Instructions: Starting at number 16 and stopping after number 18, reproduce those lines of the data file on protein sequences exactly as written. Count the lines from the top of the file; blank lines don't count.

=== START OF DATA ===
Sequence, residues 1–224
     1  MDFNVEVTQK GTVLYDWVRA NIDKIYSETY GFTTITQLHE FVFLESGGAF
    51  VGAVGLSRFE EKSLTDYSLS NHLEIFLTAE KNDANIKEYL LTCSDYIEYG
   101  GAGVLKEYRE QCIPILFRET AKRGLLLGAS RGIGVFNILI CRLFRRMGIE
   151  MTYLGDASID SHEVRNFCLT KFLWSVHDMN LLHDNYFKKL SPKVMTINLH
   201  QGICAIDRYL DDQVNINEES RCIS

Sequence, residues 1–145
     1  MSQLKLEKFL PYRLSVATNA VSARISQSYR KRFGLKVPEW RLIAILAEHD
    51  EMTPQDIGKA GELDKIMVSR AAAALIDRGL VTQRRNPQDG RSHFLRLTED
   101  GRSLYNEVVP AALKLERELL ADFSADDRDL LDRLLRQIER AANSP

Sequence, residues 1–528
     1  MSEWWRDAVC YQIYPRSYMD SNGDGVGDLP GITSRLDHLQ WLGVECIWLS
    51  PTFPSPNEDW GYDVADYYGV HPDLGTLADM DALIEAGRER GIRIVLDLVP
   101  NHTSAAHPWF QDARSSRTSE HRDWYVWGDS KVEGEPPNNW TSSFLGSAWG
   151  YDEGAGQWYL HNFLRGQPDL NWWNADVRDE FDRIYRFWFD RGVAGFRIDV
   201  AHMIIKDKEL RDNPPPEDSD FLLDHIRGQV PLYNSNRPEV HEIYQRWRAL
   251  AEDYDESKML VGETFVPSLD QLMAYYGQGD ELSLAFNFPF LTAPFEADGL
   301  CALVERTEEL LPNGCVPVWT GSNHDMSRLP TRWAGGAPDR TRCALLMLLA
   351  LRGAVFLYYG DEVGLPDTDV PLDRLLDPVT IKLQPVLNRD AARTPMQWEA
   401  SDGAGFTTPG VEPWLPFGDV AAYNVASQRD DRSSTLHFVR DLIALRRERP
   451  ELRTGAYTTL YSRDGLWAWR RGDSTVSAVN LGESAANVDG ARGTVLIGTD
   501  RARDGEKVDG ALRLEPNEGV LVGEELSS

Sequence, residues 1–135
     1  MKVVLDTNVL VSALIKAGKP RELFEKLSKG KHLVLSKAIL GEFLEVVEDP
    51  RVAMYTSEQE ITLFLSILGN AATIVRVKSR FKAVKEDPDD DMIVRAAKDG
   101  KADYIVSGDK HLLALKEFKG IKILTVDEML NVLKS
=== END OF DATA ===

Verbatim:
   201  AHMIIKDKEL RDNPPPEDSD FLLDHIRGQV PLYNSNRPEV HEIYQRWRAL
   251  AEDYDESKML VGETFVPSLD QLMAYYGQGD ELSLAFNFPF LTAPFEADGL
   301  CALVERTEEL LPNGCVPVWT GSNHDMSRLP TRWAGGAPDR TRCALLMLLA